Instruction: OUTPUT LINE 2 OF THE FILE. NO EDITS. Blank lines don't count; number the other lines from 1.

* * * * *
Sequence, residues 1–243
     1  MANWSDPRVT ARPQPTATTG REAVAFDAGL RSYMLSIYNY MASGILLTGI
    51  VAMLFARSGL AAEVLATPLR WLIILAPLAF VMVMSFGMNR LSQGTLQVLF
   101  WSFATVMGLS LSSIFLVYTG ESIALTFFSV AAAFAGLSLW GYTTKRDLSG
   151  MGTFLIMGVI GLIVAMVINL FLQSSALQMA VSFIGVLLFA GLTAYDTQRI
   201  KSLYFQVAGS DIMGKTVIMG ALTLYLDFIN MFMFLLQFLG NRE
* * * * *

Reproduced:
     1  MANWSDPRVT ARPQPTATTG REAVAFDAGL RSYMLSIYNY MASGILLTGI